• 53 percent said they received more responsibility in their jobs
  • 30 percent said they transitioned to a new field
  • Half received more attention from recruiters

These are the very results that applicants to most MBA’s, specialized business master’s degrees, and non-degree executive programs want to attain through their enrollment. Such curricula require a minimum of at least a year of graduate management education—not merely three undergraduate courses.

CORe: Harvard Business School’s Credential of Readiness

At the time of this writing, HBS had not yet made the complete course of study available online. So, it could not be precisely identified which HBX courses the 1,000 students polled for the sample actually took. However, more than half of HBX’s 40,000 online students were enrolled in their Credential of Readiness (CORe) program, meaning that accurate random sampling should have resulted in at least half of the sample’s completion of the same three courses.

About a third of each Harvard MBA class typically has not taken college courses in principles of economics, economic statistics, or financial accounting. Harvard’s program traditionally required such incoming MBAs to take all three undergraduate courses in-person during a special late-summer seminar series at HBS. Completion earned students the school’s Credential of Readiness: the CORe certification. In 2014, Harvard repackaged the three CORe seminars into courses available online and shortly afterward, the school placed this online package on sale to the public as a certificate program.

CORe is Harvard’s version of the pre-MBA undergraduate courses most business schools call “foundation” courses. Most schools require students to complete several such courses—sometimes at substantial extra costs—before they permit entry into some or all of their MBA curriculum’s business core courses.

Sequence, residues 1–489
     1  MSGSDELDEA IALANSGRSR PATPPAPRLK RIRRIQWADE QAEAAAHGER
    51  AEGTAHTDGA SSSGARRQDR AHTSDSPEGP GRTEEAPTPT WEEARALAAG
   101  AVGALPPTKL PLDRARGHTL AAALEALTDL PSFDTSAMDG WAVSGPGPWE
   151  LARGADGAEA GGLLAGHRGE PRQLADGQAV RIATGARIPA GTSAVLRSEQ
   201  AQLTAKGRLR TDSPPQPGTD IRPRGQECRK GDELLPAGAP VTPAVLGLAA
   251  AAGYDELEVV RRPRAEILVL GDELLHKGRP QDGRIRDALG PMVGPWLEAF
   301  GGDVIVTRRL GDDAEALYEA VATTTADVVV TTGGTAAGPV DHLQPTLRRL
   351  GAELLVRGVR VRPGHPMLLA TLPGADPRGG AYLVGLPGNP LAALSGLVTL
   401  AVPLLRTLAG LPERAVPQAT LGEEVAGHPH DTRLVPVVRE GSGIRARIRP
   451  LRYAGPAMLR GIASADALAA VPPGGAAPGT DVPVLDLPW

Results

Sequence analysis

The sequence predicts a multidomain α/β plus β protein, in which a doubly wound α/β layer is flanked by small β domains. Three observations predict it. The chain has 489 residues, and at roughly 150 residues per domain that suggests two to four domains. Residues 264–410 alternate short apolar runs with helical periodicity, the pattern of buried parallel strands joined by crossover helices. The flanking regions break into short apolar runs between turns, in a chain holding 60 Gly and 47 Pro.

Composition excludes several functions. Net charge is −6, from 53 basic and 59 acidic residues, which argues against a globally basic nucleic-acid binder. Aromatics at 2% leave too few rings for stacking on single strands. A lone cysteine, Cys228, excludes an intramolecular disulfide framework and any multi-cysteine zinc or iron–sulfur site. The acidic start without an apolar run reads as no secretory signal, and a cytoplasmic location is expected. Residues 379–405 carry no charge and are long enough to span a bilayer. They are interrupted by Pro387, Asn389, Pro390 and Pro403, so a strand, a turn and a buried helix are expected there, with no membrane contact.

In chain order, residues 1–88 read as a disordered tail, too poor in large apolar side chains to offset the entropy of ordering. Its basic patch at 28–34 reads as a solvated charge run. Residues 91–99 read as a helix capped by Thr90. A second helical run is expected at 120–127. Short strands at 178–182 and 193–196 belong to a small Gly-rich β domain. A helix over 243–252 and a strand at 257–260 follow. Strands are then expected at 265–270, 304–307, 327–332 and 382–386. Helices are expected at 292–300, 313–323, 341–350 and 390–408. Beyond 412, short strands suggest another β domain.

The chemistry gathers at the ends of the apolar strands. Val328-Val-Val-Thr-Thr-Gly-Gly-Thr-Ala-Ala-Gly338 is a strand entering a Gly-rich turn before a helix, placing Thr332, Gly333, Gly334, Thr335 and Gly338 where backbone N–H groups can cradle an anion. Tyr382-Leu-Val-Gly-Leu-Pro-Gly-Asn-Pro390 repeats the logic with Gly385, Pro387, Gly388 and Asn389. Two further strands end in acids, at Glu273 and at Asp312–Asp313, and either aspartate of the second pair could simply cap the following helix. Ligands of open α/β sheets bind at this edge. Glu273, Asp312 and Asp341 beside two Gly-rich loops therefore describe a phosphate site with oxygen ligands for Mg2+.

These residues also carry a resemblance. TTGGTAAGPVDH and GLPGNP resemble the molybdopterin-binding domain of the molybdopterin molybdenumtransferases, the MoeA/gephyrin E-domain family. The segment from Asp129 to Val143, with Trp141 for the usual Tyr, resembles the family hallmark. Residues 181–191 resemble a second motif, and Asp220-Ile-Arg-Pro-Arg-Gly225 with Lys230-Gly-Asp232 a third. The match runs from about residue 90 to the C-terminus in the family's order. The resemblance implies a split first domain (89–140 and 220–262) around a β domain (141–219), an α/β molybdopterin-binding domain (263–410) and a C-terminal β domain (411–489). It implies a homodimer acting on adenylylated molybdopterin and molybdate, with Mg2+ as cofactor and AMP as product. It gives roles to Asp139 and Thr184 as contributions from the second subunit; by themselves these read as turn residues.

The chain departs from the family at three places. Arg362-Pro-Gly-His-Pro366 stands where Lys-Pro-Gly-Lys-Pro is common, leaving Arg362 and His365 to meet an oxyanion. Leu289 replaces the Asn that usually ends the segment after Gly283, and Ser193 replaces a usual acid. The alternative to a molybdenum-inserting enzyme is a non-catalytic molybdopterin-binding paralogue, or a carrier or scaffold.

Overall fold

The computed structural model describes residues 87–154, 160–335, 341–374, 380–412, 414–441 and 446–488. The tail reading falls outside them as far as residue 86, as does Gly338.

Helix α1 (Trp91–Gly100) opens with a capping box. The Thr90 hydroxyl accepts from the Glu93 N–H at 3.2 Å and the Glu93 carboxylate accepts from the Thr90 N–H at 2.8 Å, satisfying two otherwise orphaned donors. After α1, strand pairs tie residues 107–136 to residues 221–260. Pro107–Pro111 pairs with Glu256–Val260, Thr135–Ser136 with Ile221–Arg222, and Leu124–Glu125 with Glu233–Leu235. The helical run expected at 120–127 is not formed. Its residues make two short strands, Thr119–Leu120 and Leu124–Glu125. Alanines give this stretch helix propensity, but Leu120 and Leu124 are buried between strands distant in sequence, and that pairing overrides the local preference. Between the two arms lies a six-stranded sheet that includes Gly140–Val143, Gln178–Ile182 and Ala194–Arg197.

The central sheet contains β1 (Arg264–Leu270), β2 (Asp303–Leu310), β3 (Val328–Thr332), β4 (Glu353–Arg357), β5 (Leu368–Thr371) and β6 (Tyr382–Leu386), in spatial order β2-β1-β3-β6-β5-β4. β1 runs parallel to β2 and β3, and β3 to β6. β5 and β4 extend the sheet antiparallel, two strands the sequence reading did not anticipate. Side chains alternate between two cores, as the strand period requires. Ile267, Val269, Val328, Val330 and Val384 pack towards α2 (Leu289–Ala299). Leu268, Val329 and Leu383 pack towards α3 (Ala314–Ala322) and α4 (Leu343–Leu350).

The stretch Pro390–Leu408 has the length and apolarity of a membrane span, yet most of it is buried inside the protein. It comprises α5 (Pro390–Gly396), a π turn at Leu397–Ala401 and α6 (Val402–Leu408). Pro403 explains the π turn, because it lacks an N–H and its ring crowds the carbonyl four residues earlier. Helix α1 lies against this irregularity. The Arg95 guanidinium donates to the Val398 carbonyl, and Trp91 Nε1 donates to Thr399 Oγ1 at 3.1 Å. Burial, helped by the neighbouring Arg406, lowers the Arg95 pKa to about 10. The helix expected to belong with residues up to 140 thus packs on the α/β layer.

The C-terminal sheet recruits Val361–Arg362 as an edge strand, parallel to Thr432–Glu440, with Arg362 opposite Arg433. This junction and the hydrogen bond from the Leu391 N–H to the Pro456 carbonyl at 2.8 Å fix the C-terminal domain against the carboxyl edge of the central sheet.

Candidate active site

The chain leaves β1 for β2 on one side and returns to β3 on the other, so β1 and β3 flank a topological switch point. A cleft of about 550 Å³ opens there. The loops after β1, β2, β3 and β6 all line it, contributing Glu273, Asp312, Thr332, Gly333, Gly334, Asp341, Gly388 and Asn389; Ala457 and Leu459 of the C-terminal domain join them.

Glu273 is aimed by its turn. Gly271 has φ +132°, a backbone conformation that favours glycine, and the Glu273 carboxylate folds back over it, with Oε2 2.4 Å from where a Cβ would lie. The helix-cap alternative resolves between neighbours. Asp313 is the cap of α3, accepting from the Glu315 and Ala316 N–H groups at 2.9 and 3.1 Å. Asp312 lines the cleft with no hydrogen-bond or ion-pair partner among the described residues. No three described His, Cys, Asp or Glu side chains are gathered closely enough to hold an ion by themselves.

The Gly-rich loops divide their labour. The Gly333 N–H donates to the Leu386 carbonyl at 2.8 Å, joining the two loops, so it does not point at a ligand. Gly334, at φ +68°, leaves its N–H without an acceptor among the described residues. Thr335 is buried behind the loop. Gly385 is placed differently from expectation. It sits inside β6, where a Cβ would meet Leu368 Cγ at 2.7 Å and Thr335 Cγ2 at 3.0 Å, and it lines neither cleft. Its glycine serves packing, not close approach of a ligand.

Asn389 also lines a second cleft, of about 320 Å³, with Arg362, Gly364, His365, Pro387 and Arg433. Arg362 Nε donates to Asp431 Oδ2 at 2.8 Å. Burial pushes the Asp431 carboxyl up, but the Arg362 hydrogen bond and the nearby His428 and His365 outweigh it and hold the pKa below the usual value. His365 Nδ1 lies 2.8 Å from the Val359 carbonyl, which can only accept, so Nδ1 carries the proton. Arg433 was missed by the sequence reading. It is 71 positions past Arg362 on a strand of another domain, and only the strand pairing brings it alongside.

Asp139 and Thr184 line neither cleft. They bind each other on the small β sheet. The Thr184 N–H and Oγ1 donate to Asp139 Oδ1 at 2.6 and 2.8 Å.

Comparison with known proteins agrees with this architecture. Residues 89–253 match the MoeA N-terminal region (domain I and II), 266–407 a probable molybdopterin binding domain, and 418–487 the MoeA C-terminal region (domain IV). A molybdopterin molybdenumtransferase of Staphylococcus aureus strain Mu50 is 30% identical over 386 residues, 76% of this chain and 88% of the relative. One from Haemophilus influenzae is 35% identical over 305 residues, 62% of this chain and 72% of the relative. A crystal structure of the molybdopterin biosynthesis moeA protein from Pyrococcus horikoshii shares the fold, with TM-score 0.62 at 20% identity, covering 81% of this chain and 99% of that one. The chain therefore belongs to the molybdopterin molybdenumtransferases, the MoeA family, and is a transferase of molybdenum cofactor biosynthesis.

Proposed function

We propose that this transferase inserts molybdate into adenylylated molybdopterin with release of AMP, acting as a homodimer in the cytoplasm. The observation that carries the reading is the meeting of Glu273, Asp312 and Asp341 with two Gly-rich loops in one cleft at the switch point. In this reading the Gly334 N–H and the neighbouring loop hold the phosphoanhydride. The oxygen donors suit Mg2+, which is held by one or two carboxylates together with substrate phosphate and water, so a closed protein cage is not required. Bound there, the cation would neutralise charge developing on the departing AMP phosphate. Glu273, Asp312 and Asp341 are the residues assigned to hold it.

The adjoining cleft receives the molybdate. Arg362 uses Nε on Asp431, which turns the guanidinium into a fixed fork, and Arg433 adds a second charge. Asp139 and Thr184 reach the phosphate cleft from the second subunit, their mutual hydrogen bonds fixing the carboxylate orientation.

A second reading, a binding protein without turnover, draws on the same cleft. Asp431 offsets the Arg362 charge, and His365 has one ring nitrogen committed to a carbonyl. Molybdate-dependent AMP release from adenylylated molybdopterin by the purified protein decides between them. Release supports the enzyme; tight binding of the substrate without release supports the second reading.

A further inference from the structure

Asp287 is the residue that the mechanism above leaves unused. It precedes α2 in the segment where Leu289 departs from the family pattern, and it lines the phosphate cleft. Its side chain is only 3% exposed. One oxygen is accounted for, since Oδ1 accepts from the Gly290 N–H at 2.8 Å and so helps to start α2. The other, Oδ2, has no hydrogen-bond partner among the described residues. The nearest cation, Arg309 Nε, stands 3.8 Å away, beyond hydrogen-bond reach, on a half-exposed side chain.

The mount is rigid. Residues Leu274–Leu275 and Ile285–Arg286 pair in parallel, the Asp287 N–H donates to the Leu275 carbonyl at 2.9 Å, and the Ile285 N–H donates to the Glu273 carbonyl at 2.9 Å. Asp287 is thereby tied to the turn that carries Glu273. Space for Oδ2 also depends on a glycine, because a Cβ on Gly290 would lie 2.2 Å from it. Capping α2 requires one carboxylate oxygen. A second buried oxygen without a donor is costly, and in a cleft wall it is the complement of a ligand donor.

Will HBS Online’s CORe Curriculum Reduce Management Degree Program Enrollments?

Some observers have expressed concern that the public would perceive an alternative credential from an institution with one of the world’s most powerful university brands to have a higher value than degrees from some graduate programs. They suggest that Harvard’s online CORe program could diminish enrollment at tier-2 and tier-3 MBA and MM (specialized masters in management) programs below those ranked among the top 50.

In summary, their argument asks why anyone would commit to at least a year of study, in some cases costing $30,000 or more, from one of those MBA programs given Harvard Business School Online’s alternative. This alternative allows the student to take the equivalent of three undergraduate courses for only $3,600, receive career benefits comparable to an MBA degree, and display the Harvard Business School brand on their resume and LinkedIn profile. When students could pursue the latter option, they ask, who would bother with the former?

Of course, these observers fail to acknowledge that the most significant result—a promotion—was not achieved by roughly three-quarters of the sample. This “acid test” outcome involves one of the most compelling drivers of applications to MBA programs, but in the HBS Online sample, most students did not achieve this result. The proportion of promotions seems too small to justify concerns about large numbers of students enrolling at HBS Online instead of MBA programs like these.

Furthermore, any AACSB-accredited MBA program can equip graduates with the knowledge, analytical skills, and professional connections that far exceed what students will receive from the equivalent of these three undergraduate classes. Students who don’t pursue business degrees after the three CORe courses will fail to learn the most crucial concepts taught in management education.